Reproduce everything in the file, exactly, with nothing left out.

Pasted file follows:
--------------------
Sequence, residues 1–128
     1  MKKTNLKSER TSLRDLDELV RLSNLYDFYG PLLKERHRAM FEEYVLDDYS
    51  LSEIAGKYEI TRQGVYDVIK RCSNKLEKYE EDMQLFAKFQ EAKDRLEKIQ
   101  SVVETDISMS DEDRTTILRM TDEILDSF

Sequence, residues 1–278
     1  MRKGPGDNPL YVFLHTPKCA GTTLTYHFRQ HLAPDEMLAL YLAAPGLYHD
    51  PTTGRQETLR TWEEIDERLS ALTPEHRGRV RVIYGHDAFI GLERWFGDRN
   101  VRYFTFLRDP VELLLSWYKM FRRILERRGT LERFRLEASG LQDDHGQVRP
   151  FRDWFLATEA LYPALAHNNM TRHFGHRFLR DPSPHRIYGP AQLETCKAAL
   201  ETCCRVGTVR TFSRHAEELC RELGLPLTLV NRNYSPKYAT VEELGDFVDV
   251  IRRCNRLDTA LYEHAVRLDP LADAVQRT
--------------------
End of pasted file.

Sequence, residues 1–128
     1  MKKTNLKSER TSLRDLDELV RLSNLYDFYG PLLKERHRAM FEEYVLDDYS
    51  LSEIAGKYEI TRQGVYDVIK RCSNKLEKYE EDMQLFAKFQ EAKDRLEKIQ
   101  SVVETDISMS DEDRTTILRM TDEILDSF

Sequence, residues 1–278
     1  MRKGPGDNPL YVFLHTPKCA GTTLTYHFRQ HLAPDEMLAL YLAAPGLYHD
    51  PTTGRQETLR TWEEIDERLS ALTPEHRGRV RVIYGHDAFI GLERWFGDRN
   101  VRYFTFLRDP VELLLSWYKM FRRILERRGT LERFRLEASG LQDDHGQVRP
   151  FRDWFLATEA LYPALAHNNM TRHFGHRFLR DPSPHRIYGP AQLETCKAAL
   201  ETCCRVGTVR TFSRHAEELC RELGLPLTLV NRNYSPKYAT VEELGDFVDV
   251  IRRCNRLDTA LYEHAVRLDP LADAVQRT